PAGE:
DELF certification level?

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What DELF levels (A1/A2/B1/B2) do you guys think I will be able to pass with ease, once I am finished with my course here?


March 7, 2013


I am responding late. I agree that there is a major difference between using duolingo and actually carrying out a conversation with someone, which is partly what you'd have to do during the DELF B2, for example.

Can you speak fluently with a native speaker? I don't think Duolingo is enough to get you there. For example, you might speak well, and conversely only be on level 8 on Duolingo. So I'd find a conversation partner who could also help you with writing actual texts, which you would also need for a B2 level. Remember, you do not have to be able to write essays here, just translate some sentences.

April 26, 2015

Does this mean you took B2? Any advice on what I could do to prepare for that? Or book recommendations? I wish to retrieve my B2 before September of 2016. Is that a realistic goal?

April 29, 2015

I have been preparing for the C1. My point is, I don't see much correlation between duolingo levels (I have been doing it on, and off, for a few years) and your actual level.

For B2, some questions for you: a. Do you speak fluently? b. Can you write a text (letters, essays, etc) with relatively few errors c. Do you read newspaper articles, etc, with a reasonable degree of fluency? If you've answered yes to the questions above, you are ready for the B2, (not as hard as the C1, but still requires preparation).

April 30, 2015

Hmm. That's interesting. Thank you for your input! How do you prepare for it though? Is there a book or site you would highly recommend?

April 30, 2015

Here's what I recommend: a. Get a language partner/meet with native speaker to discuss politics, daily concerns, etc to work on your fluency;

b. Read French language newspapers (I read Le Monde, since it provided me with a challenge. You could read Le Devoir or La Presse, (from Quebec) which is more of a B2 level). This will improve your reading levels and your vocabulary;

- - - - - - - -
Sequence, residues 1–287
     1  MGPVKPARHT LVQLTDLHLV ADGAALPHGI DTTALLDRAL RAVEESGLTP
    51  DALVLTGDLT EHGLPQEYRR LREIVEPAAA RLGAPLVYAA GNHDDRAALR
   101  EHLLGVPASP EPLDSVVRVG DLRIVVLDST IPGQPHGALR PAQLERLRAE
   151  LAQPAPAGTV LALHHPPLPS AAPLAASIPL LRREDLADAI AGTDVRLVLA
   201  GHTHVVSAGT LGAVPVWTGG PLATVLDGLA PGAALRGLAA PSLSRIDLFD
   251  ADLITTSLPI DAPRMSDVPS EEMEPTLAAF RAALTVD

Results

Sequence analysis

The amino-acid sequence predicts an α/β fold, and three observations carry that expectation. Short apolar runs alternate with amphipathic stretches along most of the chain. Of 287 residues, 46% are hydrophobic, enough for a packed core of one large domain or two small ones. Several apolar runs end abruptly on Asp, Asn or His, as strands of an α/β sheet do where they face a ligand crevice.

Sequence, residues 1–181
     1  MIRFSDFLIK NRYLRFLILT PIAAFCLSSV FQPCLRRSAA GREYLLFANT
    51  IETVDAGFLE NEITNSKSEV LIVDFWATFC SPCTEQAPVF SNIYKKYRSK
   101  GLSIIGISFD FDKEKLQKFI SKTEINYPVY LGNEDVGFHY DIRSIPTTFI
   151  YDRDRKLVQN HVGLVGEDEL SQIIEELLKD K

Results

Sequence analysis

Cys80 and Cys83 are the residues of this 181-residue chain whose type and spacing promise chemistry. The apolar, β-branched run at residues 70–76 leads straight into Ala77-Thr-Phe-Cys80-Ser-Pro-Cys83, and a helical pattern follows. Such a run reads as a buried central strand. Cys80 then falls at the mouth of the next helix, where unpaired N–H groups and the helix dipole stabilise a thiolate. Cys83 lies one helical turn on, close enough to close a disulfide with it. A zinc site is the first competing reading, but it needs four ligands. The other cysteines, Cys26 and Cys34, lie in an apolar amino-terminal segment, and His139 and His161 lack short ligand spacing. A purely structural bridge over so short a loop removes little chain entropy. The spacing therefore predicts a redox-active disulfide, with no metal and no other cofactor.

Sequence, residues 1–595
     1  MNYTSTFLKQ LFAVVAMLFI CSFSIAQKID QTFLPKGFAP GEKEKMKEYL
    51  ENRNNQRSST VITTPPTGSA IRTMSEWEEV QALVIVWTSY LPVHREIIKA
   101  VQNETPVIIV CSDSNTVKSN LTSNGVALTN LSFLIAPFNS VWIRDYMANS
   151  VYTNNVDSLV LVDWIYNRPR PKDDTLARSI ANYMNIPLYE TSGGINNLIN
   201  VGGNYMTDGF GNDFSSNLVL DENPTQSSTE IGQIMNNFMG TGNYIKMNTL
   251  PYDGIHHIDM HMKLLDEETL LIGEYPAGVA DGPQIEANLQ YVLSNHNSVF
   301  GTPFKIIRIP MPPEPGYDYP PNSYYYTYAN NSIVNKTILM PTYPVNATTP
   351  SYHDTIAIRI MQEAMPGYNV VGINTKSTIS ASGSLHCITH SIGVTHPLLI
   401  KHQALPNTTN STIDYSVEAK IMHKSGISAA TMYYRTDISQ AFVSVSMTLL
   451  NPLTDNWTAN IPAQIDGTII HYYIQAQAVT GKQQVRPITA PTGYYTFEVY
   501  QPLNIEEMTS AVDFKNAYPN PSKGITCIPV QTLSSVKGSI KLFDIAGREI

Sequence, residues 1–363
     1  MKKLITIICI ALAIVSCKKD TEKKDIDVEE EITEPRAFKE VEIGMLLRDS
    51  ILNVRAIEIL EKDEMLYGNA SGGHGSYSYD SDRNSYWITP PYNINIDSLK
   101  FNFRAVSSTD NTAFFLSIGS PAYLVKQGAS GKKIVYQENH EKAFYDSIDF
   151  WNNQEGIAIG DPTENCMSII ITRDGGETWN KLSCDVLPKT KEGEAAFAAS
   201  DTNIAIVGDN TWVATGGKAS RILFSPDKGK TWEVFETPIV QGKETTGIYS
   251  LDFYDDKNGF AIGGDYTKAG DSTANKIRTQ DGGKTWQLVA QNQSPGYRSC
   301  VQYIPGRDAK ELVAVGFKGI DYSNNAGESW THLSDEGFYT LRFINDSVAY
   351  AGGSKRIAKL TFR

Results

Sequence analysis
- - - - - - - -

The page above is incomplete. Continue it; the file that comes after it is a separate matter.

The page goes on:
c. Write letters and essays. Choose topics from a B2 Delf preparation guide. I don't have any specific texts to recommend. Have somebody capable correct your work, so you can review your errors.

d. Listen to French language podcasts and television. I really enjoy They have two shows I watch: "Kiosque," and "Sept Jours Sur La Planète." Also "L'invité" is helpful.

-If you can speak, read, and write fluently, then you're probably ready for the B2. A qualified teacher/language partner could certainly provide you with that feedback. All the best, P

May 2, 2015

Aww, merci, merci !! That was super helpful! Thanks so much!

May 2, 2015

I'd be a lot more conservative and say A2 or maybe B1.

There's a big difference between doing Duolingo and speaking French to a group of French speaking examiners :) i.e. the listening/spoken part is likely to be the challenge.

Also depends on how much other training/education you are doing (or have already done).

March 8, 2013

I had a look at the website of the 'Institut Francais' here in town. I think you should be able to do level B2 after completing all the lessons here. But I would definately do some extra work to prepare for such an exam, like being able to follow French television, talk to French people in your town (if you happen to know them). Definately work on conversation. I think the robot-translations sound a bit weird and not just sometimes. So you'll need real French native speakers to correct that. Or go on a vacation there…

July 10, 2013
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